Bags of cement
Cement Manufacturers Association of Nigeria (CMAN) Thursday urged the Federal Government to consider the use of cement to build concrete roads in place of the current practice of using laterite and asphalt which have short life-spans.
Chairman of the association, Mr Joseph Makoju, who led a delegation to the Minister of Works, Mr. Mike Onolememen, said although the initial cost of building our roads with concrete cement would be 10-15 per cent higher, it would be cheaper in the long haul.
He dispelled fears that using cement to build concrete roads that will be more durable would lead to a hike in the cost of the product, arguing that on the contrary, it was the bad state of the roads that were responsible for the high cost of cement.
Makoju said with an installed capacity of 28 million metric tonnes and a demand of only 17 million metric tonnes of cement per annum, the availability of locally produced cement could be leveraged in constructing roads that would be longer lasting.
According to him, the projected production capacity of all the cement manufacturing companies in Nigeria for this year was 19 to 20 million metric tonnes, surpassing the current demand.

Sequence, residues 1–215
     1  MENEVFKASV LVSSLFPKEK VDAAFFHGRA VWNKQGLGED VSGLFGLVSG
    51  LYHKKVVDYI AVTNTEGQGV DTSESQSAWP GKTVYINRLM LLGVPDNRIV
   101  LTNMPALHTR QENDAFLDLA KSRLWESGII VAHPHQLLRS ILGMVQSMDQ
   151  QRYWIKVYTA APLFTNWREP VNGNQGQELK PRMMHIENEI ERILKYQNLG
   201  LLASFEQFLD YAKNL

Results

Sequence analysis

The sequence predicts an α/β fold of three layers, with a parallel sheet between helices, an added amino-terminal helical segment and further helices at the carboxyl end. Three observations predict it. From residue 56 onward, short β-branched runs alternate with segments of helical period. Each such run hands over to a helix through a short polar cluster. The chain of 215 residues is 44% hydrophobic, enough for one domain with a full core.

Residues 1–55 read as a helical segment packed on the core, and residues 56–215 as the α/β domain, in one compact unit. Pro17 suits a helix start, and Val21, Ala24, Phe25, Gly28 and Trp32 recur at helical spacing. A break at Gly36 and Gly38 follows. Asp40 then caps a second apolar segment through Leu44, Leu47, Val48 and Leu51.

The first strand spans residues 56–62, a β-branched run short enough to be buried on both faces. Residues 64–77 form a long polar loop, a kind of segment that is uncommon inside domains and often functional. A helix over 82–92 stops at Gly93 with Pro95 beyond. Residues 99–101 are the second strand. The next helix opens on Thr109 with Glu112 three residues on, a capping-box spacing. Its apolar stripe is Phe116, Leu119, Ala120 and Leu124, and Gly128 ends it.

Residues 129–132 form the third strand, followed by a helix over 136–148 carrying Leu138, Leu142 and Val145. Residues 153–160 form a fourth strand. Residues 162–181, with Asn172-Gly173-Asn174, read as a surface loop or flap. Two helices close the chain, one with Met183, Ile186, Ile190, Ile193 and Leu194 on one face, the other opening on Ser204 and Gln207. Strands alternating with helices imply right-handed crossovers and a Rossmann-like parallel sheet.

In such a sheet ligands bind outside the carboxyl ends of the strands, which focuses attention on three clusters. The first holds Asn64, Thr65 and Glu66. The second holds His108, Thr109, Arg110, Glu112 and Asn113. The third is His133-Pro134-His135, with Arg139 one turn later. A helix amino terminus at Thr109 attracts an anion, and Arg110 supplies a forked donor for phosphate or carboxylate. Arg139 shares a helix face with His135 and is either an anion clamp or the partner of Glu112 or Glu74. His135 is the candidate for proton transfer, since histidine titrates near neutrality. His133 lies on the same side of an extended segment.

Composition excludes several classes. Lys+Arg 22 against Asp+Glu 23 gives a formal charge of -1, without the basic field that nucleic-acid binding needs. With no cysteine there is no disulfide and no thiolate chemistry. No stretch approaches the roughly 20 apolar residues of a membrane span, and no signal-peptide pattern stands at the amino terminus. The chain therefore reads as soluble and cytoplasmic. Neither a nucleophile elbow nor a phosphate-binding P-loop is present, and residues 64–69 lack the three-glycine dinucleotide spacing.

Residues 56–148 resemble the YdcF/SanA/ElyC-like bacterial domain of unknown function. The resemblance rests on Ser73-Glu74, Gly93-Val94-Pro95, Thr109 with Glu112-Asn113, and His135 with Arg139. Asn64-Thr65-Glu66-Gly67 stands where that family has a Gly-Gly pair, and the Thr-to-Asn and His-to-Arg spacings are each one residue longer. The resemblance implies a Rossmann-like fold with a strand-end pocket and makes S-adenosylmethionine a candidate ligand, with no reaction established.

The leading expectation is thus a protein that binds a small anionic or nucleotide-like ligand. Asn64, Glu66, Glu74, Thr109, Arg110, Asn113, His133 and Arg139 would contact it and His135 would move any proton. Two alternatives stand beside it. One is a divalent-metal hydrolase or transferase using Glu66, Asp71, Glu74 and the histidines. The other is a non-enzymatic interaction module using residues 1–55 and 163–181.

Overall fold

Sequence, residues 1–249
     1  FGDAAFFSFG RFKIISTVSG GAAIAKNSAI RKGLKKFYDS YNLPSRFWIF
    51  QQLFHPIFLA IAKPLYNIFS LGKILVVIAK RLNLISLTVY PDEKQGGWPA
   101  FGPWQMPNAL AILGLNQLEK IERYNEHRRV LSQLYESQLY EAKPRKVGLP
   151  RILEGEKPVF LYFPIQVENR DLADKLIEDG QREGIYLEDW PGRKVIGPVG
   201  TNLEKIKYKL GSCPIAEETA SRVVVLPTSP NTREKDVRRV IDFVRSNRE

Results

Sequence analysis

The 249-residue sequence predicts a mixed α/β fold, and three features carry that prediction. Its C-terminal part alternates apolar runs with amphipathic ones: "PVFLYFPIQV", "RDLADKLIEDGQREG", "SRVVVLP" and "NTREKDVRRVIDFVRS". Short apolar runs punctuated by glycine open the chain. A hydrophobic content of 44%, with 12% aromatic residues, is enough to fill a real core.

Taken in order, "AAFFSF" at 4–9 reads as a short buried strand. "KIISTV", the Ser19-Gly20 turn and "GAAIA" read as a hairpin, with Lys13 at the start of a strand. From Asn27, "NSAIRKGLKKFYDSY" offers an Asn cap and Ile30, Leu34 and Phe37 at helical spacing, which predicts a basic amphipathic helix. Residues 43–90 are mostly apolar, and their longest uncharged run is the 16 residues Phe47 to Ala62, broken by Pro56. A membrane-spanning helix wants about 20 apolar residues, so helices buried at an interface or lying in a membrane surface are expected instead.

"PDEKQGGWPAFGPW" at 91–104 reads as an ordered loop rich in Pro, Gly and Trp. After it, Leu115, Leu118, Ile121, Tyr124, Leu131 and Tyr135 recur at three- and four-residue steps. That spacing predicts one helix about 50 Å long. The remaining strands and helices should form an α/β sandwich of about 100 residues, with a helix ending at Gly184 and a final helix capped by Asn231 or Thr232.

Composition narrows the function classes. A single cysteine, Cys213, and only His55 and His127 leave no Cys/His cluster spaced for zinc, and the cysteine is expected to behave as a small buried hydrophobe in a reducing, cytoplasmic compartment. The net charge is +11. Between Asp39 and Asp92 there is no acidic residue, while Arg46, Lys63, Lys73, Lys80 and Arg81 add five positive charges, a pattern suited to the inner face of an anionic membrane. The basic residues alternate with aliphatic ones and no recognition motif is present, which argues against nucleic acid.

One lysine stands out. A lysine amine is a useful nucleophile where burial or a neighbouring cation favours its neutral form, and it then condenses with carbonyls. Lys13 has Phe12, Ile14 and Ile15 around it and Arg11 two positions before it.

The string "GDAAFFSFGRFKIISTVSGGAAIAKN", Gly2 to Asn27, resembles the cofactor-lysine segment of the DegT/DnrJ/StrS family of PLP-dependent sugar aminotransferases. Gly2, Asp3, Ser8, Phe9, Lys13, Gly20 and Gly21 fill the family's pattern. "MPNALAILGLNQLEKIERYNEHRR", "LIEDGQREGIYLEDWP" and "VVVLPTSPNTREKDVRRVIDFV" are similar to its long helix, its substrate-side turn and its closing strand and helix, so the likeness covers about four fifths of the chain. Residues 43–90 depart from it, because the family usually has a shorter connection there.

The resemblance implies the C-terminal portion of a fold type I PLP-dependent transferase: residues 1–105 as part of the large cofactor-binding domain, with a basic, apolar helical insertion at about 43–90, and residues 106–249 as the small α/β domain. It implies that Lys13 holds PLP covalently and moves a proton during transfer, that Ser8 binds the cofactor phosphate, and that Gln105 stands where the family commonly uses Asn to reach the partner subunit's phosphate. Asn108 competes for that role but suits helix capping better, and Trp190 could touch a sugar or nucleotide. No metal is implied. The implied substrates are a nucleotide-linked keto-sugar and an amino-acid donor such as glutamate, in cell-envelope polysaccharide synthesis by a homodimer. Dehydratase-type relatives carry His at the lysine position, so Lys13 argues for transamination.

For that reason, he said, there was no question of prices of cement going up since it was a question of demand and supply.
To underscore how much had been achieved in the last 10 years, Makoju said from two million metric tonnes produced in 2002 when the Obasanjo government decided on backward integration in the industry, cement production locally had risen to about 19 million metric tonnes.
“Nigeria is now a cement-producing country.
“This can be leveraged in road construction. Until now, cement was only an alternative in terms of cost-effectiveness, but in life-cycle, the cost of concrete will be 10 to 15 per cent more expensive but in 25 years, the cost of concrete will be cheaper than asphalt.
“We believe we are now in a position where the cost of cement should come down based on the law of demand and supply,” he said.
He likened it to what happened in the GSM sector where the prices of services were initially high but have since crashed to rock bottom.
To further drive down the cost of the cement that will be required to build concrete roads, the cement manufacturers promised that they could make bulk supplies to contractors building the roads, even if they had to start out as a pilot project.
Speaking through the acting Permanent Secretary in the ministry, Mr. Bala Danshehu, Onolememen had said the Government was constrained to limit its use of cement because of its cost.
“Only in a few cases such as bridges and ports do we use cement,” he stated. “We have a director whose schedule covers construction materials. We’ll ask him to study your proposal… In addition, we are also reviewing our design, so with this presentation, we can see how we can make cement part of our road construction.”